How generous God has been with you! How much He has given you! How little He has asked for in return. And yet . . .
Now consider: who are the servants God has sent to you, to collect His share of faith and love? Who needs your time? Who needs your help? Who needs your care? Who needs your compassion, or a listening ear, or a sympathetic heart? Yet have you sent them away empty handed? Have you turned a cold shoulder or a deaf ear? Have you beaten or even killed them with your words, your anger, or your refusal to help? <ugh!>
It’s easy to condemn them, those wicked tenants, isn’t it? Until you realize . . . But at least we know we would never do that to the son, right? We’re Christians! We believe in Jesus! We would never . . . But didn’t Jesus say: whatever you did for the least of these, you did it to me (Matthew 25:40)? Oh my.
What then will the owner of the vineyard do to them? He will come and destroy those tenants and give the vineyard to others. It’s what we deserve, isn’t it? And if Jesus had ended His teaching there, what would we do? What would we do?
But the parable does not end there, for Jesus has not come to leave us in our sin, but to save us from it. But to save us, He must first break us. Break us of our pride, of our delusion of ownership, of our self-centeredness, of our cold and hard hearts. For you see, when we poor, miserable, wretched sinner-tenants come up against the Son, there are only two outcomes: [Jesus said:] “‘The stone that the builders rejected has become the cornerstone.’ That’s a fact. That part’s not open to discussion. But now what? Well, [#1] Everyone who falls on that stone will be broken to pieces, [or #2] when it falls on anyone, it will crush him.”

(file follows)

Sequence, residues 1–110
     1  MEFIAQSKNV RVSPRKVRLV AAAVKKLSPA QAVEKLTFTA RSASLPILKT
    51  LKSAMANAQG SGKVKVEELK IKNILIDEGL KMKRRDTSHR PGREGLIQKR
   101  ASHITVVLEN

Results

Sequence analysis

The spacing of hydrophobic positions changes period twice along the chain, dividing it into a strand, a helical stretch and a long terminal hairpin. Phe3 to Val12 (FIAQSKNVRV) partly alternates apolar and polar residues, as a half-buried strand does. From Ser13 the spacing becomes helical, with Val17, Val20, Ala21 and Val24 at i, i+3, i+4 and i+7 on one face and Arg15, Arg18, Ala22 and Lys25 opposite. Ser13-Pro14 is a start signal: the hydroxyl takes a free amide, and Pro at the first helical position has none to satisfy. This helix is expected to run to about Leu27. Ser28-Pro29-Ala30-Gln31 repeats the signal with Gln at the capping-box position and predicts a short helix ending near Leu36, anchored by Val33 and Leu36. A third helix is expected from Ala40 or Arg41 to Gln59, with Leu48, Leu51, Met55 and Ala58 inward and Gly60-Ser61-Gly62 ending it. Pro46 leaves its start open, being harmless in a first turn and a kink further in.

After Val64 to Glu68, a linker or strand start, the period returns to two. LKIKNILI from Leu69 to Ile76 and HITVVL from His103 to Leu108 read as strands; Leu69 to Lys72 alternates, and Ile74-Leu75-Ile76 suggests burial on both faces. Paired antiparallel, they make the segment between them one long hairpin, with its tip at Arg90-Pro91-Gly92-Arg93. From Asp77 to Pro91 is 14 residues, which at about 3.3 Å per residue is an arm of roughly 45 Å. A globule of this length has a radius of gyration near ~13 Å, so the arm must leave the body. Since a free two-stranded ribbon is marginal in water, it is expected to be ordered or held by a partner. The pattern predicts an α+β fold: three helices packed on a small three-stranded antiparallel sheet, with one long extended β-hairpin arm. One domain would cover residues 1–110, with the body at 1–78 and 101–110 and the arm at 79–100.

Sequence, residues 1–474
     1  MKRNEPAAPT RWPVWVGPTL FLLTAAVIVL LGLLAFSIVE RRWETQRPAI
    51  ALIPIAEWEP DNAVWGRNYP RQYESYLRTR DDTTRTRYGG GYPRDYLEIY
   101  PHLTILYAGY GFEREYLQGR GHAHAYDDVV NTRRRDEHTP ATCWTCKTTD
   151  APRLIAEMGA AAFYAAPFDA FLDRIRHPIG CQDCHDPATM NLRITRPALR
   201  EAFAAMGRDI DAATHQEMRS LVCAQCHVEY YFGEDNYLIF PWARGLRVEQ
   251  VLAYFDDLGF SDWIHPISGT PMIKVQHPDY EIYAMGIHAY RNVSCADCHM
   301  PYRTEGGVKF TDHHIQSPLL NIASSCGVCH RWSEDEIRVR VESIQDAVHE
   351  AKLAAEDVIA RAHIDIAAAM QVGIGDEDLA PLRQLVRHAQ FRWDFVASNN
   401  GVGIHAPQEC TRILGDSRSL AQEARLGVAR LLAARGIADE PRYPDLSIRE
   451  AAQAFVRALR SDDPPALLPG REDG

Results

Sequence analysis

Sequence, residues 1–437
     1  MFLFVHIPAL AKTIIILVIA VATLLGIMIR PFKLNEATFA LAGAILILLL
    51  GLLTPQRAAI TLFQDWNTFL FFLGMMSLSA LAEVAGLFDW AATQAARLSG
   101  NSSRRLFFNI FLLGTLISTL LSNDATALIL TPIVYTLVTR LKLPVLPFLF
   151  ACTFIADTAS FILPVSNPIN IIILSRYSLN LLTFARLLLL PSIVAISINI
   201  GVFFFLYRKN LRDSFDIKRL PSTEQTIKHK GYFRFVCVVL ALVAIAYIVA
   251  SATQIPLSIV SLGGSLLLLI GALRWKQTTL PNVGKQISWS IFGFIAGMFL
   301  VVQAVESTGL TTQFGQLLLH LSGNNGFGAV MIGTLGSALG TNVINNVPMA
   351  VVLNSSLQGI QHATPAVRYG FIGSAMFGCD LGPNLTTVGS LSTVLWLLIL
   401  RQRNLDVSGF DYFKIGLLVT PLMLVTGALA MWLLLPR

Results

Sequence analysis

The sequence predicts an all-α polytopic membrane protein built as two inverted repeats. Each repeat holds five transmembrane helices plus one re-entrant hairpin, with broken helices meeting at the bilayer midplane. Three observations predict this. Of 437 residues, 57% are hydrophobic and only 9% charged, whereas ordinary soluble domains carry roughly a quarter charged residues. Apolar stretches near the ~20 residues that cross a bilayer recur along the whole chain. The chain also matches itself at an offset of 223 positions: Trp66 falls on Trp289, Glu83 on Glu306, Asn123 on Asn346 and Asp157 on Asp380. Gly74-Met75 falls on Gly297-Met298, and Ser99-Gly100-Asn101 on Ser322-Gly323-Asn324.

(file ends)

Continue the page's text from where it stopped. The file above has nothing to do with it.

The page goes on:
Now, neither one of those sounds like a very good option! Except it is good to be broken by Jesus. For He breaks in order to heal. He breaks us now, so that we will not be crushed and condemned in the end. He breaks us so that we will repent and find in Him - and not in our sin - what we have been looking for and yearning for all along.
For Jesus has promised us in His Word: “A broken and contrite heart, O God, you will not despise” (Psalm 51:17). Or in other words, when we are broken by our sin, broken by the Law, and in our brokenness repent, our Lord will not turn us away, or turn from us. No, our God who is longsuffering in His patience, relentless in His mercy, and passionate in His will to save us, makes us whole again. And He speaks to us, time and time again, those words we can never hear enough: I forgive you all your sins.